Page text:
"Wave of Violence" on Election Mismanagement and Police Brutality in Zanzibar


Today, the International Federation for Human Rights and the Legal and Human Rights Centre launch their report "Wave of Violence" on Election Mismanagement and Police Brutality in Zanzibar

The International Federation for Human Rights (FIDH) and its Tanzanian members, the Legal and Human Rights Centre (LHRC), are most concerned about the election mismanagement and the serious human rights violations, in particular police brutality, in Zanzibar. "Wave of Violence" is a joint report of FIDH and LHRC, which documents in detail the events of October 2000 and January 2001, urging the State to immediately establish an independent commission of inquiry into the violations.
In response to the FIDH statement on these violations at the UN Commission on Human Rights in April 2001, the government of Tanzania stated that there was no need for such an investigation, admitting only to the loss of a few lives due to the police, and that the Civil United Front (CUF) demonstrators were all armed.
In October 2000, the world witnessed heavily armed policemen beating citizens in Zanzibar during the general elections. A victory of the ruling party, Chama cha Mapinduzi (CCM), was declared amidst unprecedented irregularities in polling exercise, prompting internal and external electoral observers to recommend a re-run of the whole election. On 27 January 2001, CUF, the strongest opposition party in Zanzibar, responded to the election mismanagement with peaceful demonstrations, despite the government having banned these. Invoking guarantees for the rights of expression and assembly under articles 18 and 20 of the country’s constitution, CUF members defied the state ban. This led to further police violence, and more that 37 demonstrators were shot dead, and many tortured, detained and raped in Zanzibar and in the neighbouring island Pemba.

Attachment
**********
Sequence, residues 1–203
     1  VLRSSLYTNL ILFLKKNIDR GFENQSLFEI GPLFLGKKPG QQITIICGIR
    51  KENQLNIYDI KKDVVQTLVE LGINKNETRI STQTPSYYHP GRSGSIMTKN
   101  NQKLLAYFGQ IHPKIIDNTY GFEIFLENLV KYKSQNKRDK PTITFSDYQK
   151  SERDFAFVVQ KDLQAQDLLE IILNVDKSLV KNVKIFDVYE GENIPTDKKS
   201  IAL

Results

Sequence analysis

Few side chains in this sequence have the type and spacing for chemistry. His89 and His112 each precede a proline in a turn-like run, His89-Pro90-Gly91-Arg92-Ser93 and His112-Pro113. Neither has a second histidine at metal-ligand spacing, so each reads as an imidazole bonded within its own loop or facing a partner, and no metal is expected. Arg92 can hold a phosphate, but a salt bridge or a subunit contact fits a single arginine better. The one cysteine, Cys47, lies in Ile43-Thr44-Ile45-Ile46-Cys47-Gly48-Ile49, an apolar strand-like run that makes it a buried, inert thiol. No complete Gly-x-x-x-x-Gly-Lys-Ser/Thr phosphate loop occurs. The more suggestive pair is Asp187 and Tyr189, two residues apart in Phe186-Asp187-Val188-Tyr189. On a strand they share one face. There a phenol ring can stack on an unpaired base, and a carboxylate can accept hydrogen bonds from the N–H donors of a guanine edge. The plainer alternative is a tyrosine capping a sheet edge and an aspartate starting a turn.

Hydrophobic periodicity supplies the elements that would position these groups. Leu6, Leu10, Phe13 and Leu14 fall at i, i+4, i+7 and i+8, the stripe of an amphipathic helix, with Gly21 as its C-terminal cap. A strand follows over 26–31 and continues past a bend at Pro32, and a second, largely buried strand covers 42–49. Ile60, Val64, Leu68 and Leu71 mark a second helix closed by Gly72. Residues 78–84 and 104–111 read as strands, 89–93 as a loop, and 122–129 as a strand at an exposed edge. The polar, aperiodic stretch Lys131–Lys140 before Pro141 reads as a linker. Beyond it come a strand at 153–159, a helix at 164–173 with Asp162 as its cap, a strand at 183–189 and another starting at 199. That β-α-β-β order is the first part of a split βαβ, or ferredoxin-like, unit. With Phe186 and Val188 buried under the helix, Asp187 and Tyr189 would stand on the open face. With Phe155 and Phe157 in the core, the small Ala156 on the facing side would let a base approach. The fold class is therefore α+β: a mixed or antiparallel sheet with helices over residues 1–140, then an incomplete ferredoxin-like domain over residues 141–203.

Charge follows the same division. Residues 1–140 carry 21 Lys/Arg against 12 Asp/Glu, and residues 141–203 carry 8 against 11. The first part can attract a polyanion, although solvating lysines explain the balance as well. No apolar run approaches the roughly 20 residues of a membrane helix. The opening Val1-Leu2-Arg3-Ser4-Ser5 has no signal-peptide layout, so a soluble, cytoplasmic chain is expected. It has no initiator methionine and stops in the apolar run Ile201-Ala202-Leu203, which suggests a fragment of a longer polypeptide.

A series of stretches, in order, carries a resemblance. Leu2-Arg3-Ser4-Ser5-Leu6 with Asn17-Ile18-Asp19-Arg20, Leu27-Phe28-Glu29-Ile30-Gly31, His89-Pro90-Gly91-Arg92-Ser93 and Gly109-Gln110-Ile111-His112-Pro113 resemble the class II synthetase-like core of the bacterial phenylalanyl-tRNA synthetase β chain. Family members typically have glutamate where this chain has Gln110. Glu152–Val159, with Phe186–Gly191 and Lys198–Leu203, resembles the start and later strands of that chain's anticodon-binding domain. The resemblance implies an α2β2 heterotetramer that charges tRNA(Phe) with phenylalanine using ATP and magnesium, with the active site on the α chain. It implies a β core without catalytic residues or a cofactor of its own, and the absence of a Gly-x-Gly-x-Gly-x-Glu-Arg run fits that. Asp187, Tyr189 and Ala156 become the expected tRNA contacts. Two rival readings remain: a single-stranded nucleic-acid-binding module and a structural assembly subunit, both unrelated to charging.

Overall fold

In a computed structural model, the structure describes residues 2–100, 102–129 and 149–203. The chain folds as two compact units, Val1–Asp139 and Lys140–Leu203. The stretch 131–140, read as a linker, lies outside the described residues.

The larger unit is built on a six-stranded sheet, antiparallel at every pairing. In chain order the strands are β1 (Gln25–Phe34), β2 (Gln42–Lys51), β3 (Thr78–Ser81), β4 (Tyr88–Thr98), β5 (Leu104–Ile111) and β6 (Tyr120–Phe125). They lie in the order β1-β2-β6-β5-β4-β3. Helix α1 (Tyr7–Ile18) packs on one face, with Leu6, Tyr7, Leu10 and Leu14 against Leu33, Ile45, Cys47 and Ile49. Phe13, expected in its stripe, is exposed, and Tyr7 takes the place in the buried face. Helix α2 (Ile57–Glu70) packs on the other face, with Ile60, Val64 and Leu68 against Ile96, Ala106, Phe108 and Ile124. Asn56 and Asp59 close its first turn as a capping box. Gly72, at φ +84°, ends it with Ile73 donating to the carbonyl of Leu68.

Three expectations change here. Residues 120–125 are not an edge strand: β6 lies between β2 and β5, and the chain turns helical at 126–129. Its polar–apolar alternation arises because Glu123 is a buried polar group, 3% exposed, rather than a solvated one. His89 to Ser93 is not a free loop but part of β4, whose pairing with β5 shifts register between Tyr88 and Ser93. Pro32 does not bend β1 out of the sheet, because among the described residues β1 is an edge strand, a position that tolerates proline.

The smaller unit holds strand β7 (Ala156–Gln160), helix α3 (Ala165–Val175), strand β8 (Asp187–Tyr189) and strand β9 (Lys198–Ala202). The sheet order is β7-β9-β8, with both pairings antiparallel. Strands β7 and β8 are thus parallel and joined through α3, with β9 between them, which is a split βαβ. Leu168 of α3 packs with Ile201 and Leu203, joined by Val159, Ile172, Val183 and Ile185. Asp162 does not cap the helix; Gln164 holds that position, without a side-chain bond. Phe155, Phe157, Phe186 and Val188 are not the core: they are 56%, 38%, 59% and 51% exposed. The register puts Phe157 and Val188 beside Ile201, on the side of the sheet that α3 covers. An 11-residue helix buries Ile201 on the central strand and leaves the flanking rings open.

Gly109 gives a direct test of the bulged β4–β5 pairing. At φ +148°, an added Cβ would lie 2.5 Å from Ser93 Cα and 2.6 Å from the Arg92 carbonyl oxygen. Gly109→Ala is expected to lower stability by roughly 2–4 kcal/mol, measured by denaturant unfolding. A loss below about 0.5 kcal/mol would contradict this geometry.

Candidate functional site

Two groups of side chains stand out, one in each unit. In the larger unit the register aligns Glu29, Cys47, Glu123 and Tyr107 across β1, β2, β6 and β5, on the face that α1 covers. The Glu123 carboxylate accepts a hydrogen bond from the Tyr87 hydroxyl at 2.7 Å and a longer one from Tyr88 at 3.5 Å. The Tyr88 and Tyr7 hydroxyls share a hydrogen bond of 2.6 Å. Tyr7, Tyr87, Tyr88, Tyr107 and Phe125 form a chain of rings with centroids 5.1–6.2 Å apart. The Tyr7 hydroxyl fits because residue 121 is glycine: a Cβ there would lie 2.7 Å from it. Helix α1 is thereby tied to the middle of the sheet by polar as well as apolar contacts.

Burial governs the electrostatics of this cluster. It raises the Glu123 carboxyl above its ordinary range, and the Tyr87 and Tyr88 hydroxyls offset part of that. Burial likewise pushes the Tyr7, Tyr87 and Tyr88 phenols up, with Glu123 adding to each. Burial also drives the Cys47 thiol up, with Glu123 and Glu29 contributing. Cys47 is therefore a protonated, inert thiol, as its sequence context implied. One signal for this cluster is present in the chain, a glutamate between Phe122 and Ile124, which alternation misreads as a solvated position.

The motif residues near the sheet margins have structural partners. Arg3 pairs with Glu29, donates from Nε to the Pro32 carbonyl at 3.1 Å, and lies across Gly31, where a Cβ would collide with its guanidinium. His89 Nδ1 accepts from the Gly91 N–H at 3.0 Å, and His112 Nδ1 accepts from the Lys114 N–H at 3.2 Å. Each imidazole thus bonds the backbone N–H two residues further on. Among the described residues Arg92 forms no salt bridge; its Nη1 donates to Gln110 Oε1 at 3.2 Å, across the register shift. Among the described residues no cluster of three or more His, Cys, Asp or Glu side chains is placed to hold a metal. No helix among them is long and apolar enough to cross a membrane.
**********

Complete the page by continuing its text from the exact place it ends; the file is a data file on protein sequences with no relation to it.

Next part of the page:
The LHRC, in collaboration with FIDH, sent a fact finding mission to Zanzibar and Pemba between 9 - 17 January 2001 and 16 - 23 February 2001. The mission interviewed eye witnesses of demonstrations, politicians, police officials, and other residents in both islands. The conduct of the 2000 general election is analyzed in comparison to the 1995 elections.
The report concludes that the police used unwarranted excessive force against CUF demonstrators. The report further finds that the 27 January massacre was followed by systematic harassment of CUF members, and the torture and rape of citizens in Pemba, which in turn led to the exodus of more than 2000 refugees from Pemba to Shimon area in Mombasa, Kenya. Moreover, the report observes with much concern that the police atrocities should also be blamed on the political authorities which the years have allowed the police to harass political dissidents. Equally strongly, the report criticizes the electoral law of Zanzibar for denying citizens their right to vote on a number of grounds, one being the requirement of the 5 years ordinary residence.
The report ends by making recommendations to the Union Government of Tanzania, the Revolutionary Government of Zanzibar, the Organization of African Unity, the United Nations and the European Union to play their respective roles in pushing for the establishment of an independent commission of inquiry, to bring about truth and reconciliation among the disputing parties, to bring the perpetrators to justice and cease all human rights abuses, to ensure the democratization of the electoral process, to bring about constitutional reform, to ensure that the police respect human rights, and to compensate the victims.
The FIDH and the LHRC firmly believe that only once these measures are taken can there be lasting peace in Zanzibar, Pemba and mainland Tanzania.

Sidiki Kaba
President FIDH

Helen Kijo-Bisimba
Executive DirectorLHRC

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